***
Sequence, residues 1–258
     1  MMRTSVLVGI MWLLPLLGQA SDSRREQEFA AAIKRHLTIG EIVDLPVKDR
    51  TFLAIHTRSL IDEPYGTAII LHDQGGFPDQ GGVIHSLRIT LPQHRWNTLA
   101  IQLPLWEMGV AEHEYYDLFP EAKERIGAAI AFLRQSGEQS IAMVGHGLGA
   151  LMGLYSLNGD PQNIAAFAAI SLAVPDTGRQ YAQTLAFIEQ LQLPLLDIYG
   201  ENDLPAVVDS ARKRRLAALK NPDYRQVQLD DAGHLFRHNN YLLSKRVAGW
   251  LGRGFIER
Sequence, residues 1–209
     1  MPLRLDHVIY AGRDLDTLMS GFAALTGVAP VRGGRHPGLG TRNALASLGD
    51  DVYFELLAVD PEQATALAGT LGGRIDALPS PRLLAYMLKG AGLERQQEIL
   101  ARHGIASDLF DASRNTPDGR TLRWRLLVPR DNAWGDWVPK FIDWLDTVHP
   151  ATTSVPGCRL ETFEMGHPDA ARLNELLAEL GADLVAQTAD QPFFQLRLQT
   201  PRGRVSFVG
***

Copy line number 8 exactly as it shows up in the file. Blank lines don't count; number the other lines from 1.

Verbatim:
Sequence, residues 1–209